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If you are a resident of California, you will need to register your vehicle with the California Department of Motor Vehicles before you can legally drive in this state. You will also need to obtain a car insurance policy that meets the minimum requirements imposed under California law. Insurance not only allows you to legally drive on California roads; it also helps protect you against financial loss if you are involved in a motor vehicle accident.

California law requires you to carry two types of liability coverage – bodily injury and property damage liability. Bodily injury liability pays for injuries you cause to others if you are at fault in an accident. Your policy must provide at least $15,000 to pay for injuries to one driver or passenger. If you injure more than one person in a single motor vehicle accident, the policy must cover injuries in an amount of at least $30,000.

Property damage coverage pays for personal property you damage or destroy while driving on California roads. In most cases, it pays to fix or replace another person's vehicle. Sometimes, your property damage liability coverage pays for personal property inside the other person's car, or for other property you damage, such as fences, street signs or bridge railings. Your California auto insurance policy must provide at least $5,000 in coverage for property damage.

If you are caught driving without car insurance, you may face fines of up to $500. Your driver's license may be suspended – the length of time depends on the circumstances. In some cases, your vehicle may also be impounded until you obtain a policy meeting California's requirements.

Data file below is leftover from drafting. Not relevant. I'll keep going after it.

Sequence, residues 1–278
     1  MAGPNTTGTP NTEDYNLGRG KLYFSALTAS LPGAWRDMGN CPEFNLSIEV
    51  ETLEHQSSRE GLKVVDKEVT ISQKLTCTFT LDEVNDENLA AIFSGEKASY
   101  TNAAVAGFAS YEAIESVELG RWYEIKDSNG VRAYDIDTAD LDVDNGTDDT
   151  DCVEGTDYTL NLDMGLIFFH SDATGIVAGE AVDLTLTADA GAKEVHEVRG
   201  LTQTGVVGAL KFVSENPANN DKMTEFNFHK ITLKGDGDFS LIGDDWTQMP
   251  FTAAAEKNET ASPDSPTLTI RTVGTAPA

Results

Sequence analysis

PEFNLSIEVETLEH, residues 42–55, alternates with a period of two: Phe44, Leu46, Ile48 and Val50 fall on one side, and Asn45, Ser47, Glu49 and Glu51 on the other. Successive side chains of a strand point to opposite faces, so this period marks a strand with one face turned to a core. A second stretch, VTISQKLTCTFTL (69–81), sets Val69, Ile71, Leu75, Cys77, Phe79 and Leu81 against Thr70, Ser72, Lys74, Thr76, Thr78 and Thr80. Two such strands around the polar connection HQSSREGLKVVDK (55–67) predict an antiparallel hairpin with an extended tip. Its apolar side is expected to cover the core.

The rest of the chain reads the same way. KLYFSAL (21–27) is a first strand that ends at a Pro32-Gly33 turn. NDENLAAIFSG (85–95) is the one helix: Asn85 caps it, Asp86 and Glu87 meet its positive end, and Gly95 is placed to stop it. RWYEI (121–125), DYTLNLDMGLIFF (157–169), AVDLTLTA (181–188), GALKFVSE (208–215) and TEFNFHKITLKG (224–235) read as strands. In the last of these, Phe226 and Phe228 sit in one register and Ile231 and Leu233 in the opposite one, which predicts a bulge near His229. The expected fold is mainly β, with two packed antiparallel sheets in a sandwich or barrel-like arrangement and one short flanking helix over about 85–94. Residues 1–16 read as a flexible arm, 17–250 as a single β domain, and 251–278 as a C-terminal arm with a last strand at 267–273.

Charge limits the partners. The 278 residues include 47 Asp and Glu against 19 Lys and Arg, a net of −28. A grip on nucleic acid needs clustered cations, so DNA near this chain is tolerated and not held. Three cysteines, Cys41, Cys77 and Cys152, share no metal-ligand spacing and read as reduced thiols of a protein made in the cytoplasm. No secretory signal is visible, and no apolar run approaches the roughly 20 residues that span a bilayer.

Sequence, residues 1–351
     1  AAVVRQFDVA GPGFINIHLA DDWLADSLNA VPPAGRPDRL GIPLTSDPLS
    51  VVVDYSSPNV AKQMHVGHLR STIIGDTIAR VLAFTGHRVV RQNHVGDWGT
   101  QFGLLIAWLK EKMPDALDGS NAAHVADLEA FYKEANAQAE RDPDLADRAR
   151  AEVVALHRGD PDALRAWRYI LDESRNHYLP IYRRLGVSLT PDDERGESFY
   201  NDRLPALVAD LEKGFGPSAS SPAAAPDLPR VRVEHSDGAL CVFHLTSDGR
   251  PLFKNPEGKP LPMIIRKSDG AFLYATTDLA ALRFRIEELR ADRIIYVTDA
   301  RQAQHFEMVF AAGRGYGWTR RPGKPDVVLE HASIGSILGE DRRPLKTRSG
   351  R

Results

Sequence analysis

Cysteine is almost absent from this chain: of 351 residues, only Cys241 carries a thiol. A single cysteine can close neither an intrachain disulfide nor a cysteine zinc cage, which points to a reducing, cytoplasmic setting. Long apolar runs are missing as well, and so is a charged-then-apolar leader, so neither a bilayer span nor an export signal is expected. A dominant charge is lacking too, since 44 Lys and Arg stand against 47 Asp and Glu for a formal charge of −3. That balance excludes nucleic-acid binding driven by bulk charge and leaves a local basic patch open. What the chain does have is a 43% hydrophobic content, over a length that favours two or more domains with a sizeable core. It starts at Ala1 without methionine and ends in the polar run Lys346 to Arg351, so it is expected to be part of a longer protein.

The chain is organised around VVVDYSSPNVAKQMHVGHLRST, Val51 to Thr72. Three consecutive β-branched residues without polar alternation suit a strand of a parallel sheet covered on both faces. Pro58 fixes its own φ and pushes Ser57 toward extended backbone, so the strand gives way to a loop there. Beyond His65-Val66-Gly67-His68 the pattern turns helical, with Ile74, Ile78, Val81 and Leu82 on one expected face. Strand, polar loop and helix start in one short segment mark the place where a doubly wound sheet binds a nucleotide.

It is important to remember that purchasing only the minimum liability limits will likely not fully protect you against liability. For example, if you collide with a new BMW, your $5,000 property damage limit will not fully cover the cost of replacing the other person's car if it is totaled. You would be responsible for all damages over $5,000.

You can purchase higher liability limits for added protection. Of course, if you select higher liability limits, you will pay more for your auto insurance coverage.

If you have a limited income, you may qualify for coverage under California's Low Cost Insurance Program. Under this program, you could pay less than $400 per year to insure one car. Keep in mind that liability limits under this program are lower than the state-required liability limits – this type of policy only pays up to $10,000 for injuries to one person, $20,000 for injuries to more than one person, and $3,000 for property damage. This increases your risk of being sued if you cause an accident while driving in California.

Although California law does not require you to purchase other types of coverage, it permits auto insurance companies to offer other coverages to increase your auto insurance protection. For example, you may purchase uninsured motorist coverage in an amount up to your liability limits. This coverage is essential for protecting you against having to pay for your own medical expenses if an uninsured motorist causes an accident. Despite California's auto insurance requirements, about 18 percent of drivers in this state elect to drive without at least the minimum amount of liability coverage required under California law.

You may also purchase physical damage coverage to protect your vehicle. This coverage consists of two separate coverages, called “comprehensive” and “collision.” Comprehensive coverage pays for your car if it is stolen or vandalized. It also pays if you hit an animal while traveling on California roads, or if your car is damaged by wind, hail, fire, falling objects or lightning.

Collision coverage provides the same protection, but applies to different circumstances. This coverage pays for your car if you are involved in a motor vehicle accident with another driver, no matter who is at fault. It also covers your vehicle if you are involved in a single-car accident – for example, if you hit a tree, guard rail or building.

It is important to remember that, although your California auto insurance policy applies if you drive in another state, it will not apply if you take your car into Mexico. If you plan to travel to Mexico by car, you will need to purchase a Mexican auto insurance policy to cover you for the duration of your stay.